Academic journal article Real Estate Economics

Do Riskier Borrowers Borrow More?

Academic journal article Real Estate Economics

Do Riskier Borrowers Borrow More?

Article excerpt

Conventional wisdom in the mortgage industry holds that loan-to-value (LTV) ratios are positively correlated with mortgage default rates. However, not all empirical studies of mortgage loan performance support this view. This paper offers a theoretical signaling model of why the correlation between LTV ratios and default risk is contingent upon the default costs of the borrower. Specifically, the model proposes that when default costs are high there exists a separating equilibrium in which risky borrowers will self-select into lower LTV loans to reduce the probability of facing a costly default, while safe borrowers will self-select into higher LTV loans as a signal of their enhanced creditworthiness. This adverse selection process gives rise to the possibility of higher default probabilities for lower LTV loans. Conversely, when default costs are low the conventional result, in which risky borrowers select higher LTV loans than safe borrowers, is obtained. Empirical results, based on a sample of 859 single-family residential mortgage loans drawn from the portfolio of a national mortgage lender, are consistent with the separating equilibria predicted by the model.


Do risky borrowers borrow more? Specifically, does the loan-to-value (LTV) ratio choice of a borrower serve as a signal of that borrower's risk type? (1) The answer to this question is crucial to the mortgage lending industry as it would better enable lenders to screen risky borrowers from safe borrowers and price the default risk of each loan contract correctly.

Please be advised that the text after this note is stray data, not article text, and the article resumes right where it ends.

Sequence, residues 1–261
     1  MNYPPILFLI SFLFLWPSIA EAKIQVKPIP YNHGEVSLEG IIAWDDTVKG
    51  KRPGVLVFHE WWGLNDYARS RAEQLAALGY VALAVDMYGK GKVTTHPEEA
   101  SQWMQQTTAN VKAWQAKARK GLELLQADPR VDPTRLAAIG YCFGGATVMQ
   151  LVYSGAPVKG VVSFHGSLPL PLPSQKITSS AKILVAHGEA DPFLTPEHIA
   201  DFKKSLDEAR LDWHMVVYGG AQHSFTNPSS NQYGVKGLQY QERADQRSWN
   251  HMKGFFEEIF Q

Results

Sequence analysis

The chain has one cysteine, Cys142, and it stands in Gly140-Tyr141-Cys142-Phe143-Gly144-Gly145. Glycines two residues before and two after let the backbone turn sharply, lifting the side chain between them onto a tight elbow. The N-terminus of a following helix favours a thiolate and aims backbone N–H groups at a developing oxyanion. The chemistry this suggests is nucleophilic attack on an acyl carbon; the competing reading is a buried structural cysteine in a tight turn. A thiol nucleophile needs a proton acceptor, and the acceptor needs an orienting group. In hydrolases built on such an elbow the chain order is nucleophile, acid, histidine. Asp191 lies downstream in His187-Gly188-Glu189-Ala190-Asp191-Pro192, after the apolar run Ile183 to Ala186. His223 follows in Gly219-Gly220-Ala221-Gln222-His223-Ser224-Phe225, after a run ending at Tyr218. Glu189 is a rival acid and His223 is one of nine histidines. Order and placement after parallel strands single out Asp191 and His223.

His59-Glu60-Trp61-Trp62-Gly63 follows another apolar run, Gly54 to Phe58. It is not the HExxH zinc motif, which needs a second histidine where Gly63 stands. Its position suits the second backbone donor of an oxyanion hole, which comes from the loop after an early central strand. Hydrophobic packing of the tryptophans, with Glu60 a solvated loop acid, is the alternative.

Mortgage underwriters and academicians have conventionally subscribed to the view that loan-to-value ratios positively influence default rates. The argument usually made is the following: The greater the financial leverage (i.e., the higher the LTV ratio), the greater the debt service requirement, and hence the higher the probability the borrower will ultimately encounter financial distress. Theoretical signaling models, such as those presented by Rothschild and Stiglitz (1976) or Brueckner (2000), lend credibility to this paradigm, while a number of empirical studies, such as Von Furstenberg (1969) or Deng, Quigley and Van Order (2000), provide evidence consistent with the proposition.

Interestingly, however, not all empirical evidence supports this view of the world. Nearly 20 years ago, Campbell and Dietrich (1983) first reported the apparently counterintuitive finding that mortgage loans characterized by high LTV ratios at origination actually exhibit lower default rates over time compared to their low LTV counterparts. They conclude that the pattern of coefficients on the original loan-to-value dummy variables in their model is consistent with the presence of adverse selection in the underwriting process, particularly with respect to mortgages with original LTV ratios below 85%. Recent studies from multifamily and commercial mortgage markets also fail to document any positive relationship between LTV and borrower risk. For example, Archer et al. (1999, 2002) investigate pools of mortgage loans securitized by the Resolution Trust Corporation (RTC) for the Federal Deposit Insurance Corporation (FDIC) during the early to mid-1990s and find no significant relationship between LTV ratios at origination and ultimate loan performance (i.e., the probability of default). Similarly, Ambrose and Sanders (2001) find a lack of significance for LTV in their commercial mortgage performance investigation, and they argue this is entirely consistent with lenders using a compensatory model of credit evaluation, where risky borrowers upon any given dimension are held to more stringent standards along alternative dimensions.

The purpose of the current investigation is to bridge the gap between conventional wisdom and the seemingly counterintuitive empirical results which fail to consistently document a relationship between financial leverage and mortgage loan performance. …

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